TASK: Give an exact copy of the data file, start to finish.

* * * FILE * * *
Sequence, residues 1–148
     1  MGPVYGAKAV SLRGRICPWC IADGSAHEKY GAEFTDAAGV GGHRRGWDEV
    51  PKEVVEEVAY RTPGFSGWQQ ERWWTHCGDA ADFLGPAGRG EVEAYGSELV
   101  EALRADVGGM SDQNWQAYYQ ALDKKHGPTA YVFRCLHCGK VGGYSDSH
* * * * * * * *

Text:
Sequence, residues 1–148
     1  MGPVYGAKAV SLRGRICPWC IADGSAHEKY GAEFTDAAGV GGHRRGWDEV
    51  PKEVVEEVAY RTPGFSGWQQ ERWWTHCGDA ADFLGPAGRG EVEAYGSELV
   101  EALRADVGGM SDQNWQAYYQ ALDKKHGPTA YVFRCLHCGK VGGYSDSH